Many “experts” recommend real estate wholesaling as a quick, inexpensive, and easy way into the business. While it may be the lease expensive way to start out, wholesaling isn’t all that easy. For a complete explanation of what wholesaling is, see “What Is Real Estate Wholesaling?”
- You can raise money fairly quickly.
- Because you use very little of your own money and you collect on your investment quickly, it is possible to raise money very quickly. The amount of money you can raise depends primarily on your skill as a negotiator. How cheaply can you put the property under contract? How little of your money can you tie up in the process?
- Risk is lower than renovating or buy and hold.
- Again, because you use very little of your own money, you risk very little of your own money. But there are other risks.
- It is not without risk.
- Wholesaling can be very close to practicing real estate agency. You have to be very careful of your practices and wording to avoid this risk. Further, you will probably have at least a little of your own money at risk. And you risk your credibility with your peers if you don’t perform a fair amount of due diligence before marketing your contract.
- It takes a significant amount of effort.
- Wholesaling requires more effort than just about any other kind of real estate investing and sales. It is a full-time marketing gig with very little repeat business. No seller will ever sell you more than one house. How would that sound? “Hey, Lee. You bought my house when it was being foreclosed on a few years ago. Guess what?”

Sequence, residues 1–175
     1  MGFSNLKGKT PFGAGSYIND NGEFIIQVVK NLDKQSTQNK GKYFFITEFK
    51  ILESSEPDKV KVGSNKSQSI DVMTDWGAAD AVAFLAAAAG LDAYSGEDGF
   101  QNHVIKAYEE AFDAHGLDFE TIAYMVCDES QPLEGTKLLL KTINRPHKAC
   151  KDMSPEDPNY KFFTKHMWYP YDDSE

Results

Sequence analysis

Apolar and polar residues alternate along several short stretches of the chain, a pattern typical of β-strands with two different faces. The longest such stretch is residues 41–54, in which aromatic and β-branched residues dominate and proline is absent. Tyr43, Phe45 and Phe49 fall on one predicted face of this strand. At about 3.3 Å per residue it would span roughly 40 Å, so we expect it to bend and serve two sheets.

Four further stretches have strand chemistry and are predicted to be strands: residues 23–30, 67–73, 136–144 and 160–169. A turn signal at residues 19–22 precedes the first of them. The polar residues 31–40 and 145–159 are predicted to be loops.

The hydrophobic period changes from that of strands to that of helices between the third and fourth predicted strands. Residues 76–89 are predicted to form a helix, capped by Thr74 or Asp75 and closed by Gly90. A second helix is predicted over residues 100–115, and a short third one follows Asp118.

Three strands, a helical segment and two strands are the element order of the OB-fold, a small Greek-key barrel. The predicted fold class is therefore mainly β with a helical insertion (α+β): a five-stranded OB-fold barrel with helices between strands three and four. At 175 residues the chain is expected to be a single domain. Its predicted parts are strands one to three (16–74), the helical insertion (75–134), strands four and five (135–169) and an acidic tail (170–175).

- You have to be willing to invest in marketing.
- Because wholesaling is lead-driven, you have to generate a lot of leads for every deal that comes along. This part really isn’t any different than other parts of the investing game, but it is something you have to be aware of. That means you have to be prepared to spend money and effort to generate those leads.
- You can’t do it on the MLS.
- I see a lot of novice wholesalers trying to remarket a house they found on the Multiple Listing Service (MLS)—or from one of the big real estate sales websites like Realtor.com. The honest truth is, if it’s on MLS, it’s probably a very thin deal—usually too thin—for any investor already. By the time you add in a wholesaling fee, it probably isn’t a deal any longer—if it ever was.
The point of this post isn’t to try to scare you away from wholesaling. I want you to wholesale. We buy a good chunk of our deals from wholesalers. My business would be much smaller without reputable, reliable wholesalers.
The point is for you to understand what wholesaling is, what you’re getting yourself into. You can make good money wholesaling, if you work at it and maintain good relationships with your buyers. But you will get much more out of it if you understand the needs of the people you buy from and figure out how to satisfy those needs.
- Bigger Pockets